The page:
By Brittany Johnson
This winter, Augustana welcomed an exciting new opportunity for students to take Native Studies courses with students from universities across North America via distance education. The three new courses – with a fourth in the spring – are open to all students, Indigenous or otherwise.
One of the courses this semester, Archaeology and Native America (AUIDS370), has three Augustana students enrolled with more from other universities. This course, taught by Dr. Sarah Baires at Eastern Connecticut State University, will include an archaeological dig in the spring as part of the course. Alvin Beal of the University of Wisconsin-Superior teaches First Nations Values and Beliefs (AUREL271), with one Augustana student enrolled. Augustana’s Dr. Janet Wesselius teaches Indigenous Thought and Knowledge (AUPHI492) to six Augustana students and one from another university, choosing to teach completely online to ensure that all students have the same experience. 4th Year student Brittany Johnson acts as the onsite faculty mentor for Augustana students enrolled in these courses.
The courses are available to Augustana as the only Canadian member of the Council of Public Liberal Arts Colleges (COPLAC), an international association of post-secondary institutions located across North America. In these distance education courses, students participate with other undergraduates and their professors from the various COPLAC institutions via online discussions and forums.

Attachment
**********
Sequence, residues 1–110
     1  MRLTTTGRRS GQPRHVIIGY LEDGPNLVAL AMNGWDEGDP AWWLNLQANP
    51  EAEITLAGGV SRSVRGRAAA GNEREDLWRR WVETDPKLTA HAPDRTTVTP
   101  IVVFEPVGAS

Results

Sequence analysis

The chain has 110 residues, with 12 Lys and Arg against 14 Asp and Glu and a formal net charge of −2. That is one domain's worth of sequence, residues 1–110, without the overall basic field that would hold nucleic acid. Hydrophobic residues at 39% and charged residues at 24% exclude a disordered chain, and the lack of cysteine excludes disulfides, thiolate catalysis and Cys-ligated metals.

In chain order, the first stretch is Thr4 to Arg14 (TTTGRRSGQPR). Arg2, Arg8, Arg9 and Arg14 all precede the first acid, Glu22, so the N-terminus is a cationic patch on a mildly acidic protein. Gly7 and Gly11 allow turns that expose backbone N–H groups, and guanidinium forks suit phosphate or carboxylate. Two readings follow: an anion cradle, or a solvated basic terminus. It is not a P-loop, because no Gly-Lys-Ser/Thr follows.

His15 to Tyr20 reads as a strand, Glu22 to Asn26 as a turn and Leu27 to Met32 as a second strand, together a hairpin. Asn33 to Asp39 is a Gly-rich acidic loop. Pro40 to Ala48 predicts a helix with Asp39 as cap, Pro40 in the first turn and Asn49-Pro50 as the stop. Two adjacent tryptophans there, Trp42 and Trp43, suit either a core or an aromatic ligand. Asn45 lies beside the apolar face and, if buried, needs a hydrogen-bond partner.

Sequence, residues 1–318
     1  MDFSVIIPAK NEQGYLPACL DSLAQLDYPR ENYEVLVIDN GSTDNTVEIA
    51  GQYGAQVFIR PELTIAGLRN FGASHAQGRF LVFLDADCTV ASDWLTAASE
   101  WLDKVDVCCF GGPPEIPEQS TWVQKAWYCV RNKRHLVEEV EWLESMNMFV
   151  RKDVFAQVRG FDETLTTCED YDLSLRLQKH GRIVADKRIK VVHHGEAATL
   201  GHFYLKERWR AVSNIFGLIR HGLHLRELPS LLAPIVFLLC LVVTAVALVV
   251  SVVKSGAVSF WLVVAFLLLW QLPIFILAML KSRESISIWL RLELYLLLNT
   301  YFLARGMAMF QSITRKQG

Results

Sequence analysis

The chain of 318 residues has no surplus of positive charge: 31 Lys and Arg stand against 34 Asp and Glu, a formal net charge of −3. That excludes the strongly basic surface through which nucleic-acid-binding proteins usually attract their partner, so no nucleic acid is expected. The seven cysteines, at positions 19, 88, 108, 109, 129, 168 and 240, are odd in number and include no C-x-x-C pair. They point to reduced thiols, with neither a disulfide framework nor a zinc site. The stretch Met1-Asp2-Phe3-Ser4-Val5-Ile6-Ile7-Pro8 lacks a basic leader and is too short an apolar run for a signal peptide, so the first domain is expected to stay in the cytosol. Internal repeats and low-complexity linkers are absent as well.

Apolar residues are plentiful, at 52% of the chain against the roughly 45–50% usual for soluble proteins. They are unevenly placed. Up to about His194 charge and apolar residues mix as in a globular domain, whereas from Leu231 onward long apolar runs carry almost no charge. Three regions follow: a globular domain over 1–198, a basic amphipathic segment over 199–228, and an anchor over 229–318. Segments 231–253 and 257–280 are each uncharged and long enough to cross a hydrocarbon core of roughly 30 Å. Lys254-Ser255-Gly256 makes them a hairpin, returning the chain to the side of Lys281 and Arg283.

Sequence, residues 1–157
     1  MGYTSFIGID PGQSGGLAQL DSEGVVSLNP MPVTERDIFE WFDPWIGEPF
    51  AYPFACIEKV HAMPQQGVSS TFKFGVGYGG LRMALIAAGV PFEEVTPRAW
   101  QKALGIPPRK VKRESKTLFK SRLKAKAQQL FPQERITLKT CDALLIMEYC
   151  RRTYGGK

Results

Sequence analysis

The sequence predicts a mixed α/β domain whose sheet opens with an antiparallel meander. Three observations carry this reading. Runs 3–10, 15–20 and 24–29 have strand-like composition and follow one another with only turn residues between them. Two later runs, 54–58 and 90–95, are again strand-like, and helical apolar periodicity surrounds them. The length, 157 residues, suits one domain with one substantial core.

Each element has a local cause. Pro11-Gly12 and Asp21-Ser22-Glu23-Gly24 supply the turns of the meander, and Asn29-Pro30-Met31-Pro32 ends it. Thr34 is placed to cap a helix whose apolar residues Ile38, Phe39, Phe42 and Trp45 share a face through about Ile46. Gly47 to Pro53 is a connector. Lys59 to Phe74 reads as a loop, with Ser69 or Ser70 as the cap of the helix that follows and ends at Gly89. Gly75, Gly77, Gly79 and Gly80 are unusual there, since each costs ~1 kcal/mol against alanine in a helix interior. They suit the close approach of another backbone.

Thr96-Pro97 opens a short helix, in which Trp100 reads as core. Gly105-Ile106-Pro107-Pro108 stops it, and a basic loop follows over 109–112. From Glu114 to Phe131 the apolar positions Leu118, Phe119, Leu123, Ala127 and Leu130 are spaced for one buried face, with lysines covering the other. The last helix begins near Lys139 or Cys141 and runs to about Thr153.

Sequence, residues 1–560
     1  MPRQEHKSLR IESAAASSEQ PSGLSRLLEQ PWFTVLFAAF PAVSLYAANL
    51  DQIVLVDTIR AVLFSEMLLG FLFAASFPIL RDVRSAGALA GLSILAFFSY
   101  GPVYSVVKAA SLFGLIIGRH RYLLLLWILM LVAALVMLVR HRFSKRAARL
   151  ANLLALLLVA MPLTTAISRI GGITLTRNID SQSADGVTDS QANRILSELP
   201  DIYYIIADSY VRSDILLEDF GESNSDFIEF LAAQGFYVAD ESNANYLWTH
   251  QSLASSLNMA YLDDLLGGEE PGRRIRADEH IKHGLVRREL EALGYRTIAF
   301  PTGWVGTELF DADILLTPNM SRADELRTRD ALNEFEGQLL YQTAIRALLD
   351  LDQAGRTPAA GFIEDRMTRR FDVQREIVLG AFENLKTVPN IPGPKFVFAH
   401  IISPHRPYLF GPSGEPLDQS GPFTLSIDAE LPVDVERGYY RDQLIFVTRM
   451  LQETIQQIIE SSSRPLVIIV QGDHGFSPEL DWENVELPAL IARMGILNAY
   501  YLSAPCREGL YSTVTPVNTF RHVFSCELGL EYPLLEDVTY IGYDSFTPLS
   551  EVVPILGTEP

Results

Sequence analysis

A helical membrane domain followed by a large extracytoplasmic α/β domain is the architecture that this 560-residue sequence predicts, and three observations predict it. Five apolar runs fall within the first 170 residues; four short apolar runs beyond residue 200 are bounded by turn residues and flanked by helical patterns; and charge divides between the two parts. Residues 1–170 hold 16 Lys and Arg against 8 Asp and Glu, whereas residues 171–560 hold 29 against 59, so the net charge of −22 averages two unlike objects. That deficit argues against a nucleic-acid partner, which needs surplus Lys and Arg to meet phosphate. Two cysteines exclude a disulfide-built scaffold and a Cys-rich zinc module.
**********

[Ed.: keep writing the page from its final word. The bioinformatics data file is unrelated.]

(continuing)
Students discuss weekly readings online and submit assignments electronically. They meet every week with the onsite faculty mentor, who assists with technical issues and reading comprehension. The mentor also collects feedback from the students regarding the effectiveness of the courses and distance learning system.
Overall, students have found that the weekly assignments and the discussion boards have led to a positive experience; discussing with peers and being able to return to certain discussions at any time has proven to be an invaluable asset of the online format. Tonya Simpson, a student in AUIDS370 said, “It is easy to stay motivated by having to respond to the forum postings and needing to post on the forums each week.”
Future courses include a course in Native children’s literature and another studying the politics of residential school systems. Each semester will feature two or three courses via the course-sharing initiative.
A grant from The Teagle Foundation for $270,000 will be spread out over the next three years and will enable the courses to be taught from various professors within Universities associated with COPLAC. Eastern Connecticut State University, University of Minnesota-Morris, University of Wisconsin-Superior, Truman State University, and the University of Alberta-Augustana will be working together to develop a Native Studies course-sharing project that will be fully functional and sustainable by the end of the grant period.